What's the relationship between second, the unit of time, and second, the thing after first? Well, the latter has been around much longer, but we can trace both to Latin. Back when Ptolemy was categorizing all kinds of stuff, he called minutes pars minuta prima, which meant "first small part" and implied that it was the first major subdivision of an hour. Seconds, on the other hand, were designated pars minuta secunda, which meant "second small part" and implied that it was the second major subdivision of an hour. As the phrases evolved, the first one shed the pars and prima to become English minute, and the second one lost pars and minuta to become "second". Interesting as that is, let's move on. Secunda (which, meaning "the thing after first", is obviously the etymon of the other meaning of "second") comes from another Latin word, sequor, which meant "to follow" and comes from Proto-Indo-European sek, "to follow", through Proto-Italic. Minuta, meanwhile, comes from minuere, meaning "to diminish", from PIE mey, meaning "small".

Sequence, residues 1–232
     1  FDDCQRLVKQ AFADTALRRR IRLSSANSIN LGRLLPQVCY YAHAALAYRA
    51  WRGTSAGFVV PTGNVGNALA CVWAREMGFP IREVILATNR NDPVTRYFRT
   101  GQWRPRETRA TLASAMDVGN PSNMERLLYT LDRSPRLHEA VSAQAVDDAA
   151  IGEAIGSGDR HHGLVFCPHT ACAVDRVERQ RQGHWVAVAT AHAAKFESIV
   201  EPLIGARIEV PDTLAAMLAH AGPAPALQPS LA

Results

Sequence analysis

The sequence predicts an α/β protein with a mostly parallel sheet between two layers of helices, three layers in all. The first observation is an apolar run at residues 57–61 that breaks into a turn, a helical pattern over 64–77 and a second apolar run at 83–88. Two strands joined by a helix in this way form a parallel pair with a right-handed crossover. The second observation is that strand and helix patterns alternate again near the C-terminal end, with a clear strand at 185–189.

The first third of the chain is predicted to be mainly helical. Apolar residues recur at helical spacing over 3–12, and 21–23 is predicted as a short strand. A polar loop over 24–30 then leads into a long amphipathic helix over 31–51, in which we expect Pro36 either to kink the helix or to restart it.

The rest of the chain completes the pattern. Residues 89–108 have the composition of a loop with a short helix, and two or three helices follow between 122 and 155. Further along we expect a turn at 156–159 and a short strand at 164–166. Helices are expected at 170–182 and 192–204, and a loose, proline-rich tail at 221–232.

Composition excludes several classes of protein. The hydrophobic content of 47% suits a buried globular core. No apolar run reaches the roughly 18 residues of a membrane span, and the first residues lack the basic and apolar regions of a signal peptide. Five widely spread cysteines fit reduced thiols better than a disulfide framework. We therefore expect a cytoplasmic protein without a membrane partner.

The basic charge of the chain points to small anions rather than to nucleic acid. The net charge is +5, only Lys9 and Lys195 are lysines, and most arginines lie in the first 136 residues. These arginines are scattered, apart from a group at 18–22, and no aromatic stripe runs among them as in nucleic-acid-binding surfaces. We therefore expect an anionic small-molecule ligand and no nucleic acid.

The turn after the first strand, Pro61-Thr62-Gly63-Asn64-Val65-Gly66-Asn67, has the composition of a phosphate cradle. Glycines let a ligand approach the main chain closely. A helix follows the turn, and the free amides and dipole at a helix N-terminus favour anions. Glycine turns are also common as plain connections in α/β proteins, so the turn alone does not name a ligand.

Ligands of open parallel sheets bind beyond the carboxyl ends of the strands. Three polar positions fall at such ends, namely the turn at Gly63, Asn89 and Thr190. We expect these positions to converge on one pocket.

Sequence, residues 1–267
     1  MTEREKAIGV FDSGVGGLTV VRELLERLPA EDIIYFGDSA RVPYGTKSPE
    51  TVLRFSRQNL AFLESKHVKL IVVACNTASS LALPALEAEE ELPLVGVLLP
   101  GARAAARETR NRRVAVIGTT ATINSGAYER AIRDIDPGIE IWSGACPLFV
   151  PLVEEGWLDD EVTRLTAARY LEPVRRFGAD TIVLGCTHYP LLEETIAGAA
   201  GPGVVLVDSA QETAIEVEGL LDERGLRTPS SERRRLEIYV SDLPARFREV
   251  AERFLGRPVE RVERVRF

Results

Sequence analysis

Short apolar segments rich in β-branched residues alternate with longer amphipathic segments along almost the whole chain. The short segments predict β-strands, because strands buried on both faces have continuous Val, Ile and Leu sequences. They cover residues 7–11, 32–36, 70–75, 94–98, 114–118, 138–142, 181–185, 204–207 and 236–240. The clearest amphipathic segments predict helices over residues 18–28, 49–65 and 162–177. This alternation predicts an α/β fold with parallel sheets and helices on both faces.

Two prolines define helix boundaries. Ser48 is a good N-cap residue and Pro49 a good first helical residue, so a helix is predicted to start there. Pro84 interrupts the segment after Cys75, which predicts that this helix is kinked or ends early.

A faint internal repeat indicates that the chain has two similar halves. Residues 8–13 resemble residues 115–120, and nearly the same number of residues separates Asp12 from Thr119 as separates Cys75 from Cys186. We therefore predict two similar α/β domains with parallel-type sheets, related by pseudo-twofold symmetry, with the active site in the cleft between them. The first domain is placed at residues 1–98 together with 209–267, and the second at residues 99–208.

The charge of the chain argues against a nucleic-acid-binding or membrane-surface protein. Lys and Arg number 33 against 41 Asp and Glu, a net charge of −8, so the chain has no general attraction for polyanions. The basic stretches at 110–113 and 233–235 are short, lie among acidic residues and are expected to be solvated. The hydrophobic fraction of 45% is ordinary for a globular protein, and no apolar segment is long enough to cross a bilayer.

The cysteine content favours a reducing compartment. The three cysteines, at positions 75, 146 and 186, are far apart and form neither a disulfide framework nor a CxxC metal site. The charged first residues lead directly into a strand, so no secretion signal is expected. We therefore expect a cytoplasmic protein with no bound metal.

Adam Aleksic, a leading contender for valedictorian of his high school, is a 214-month-old boy with disturbing interests in etymology, vexillology, geography, and law. Adam would like to one day visit Tajikistan and probably isn't spying for the Uzbek government.
The Etymology Nerd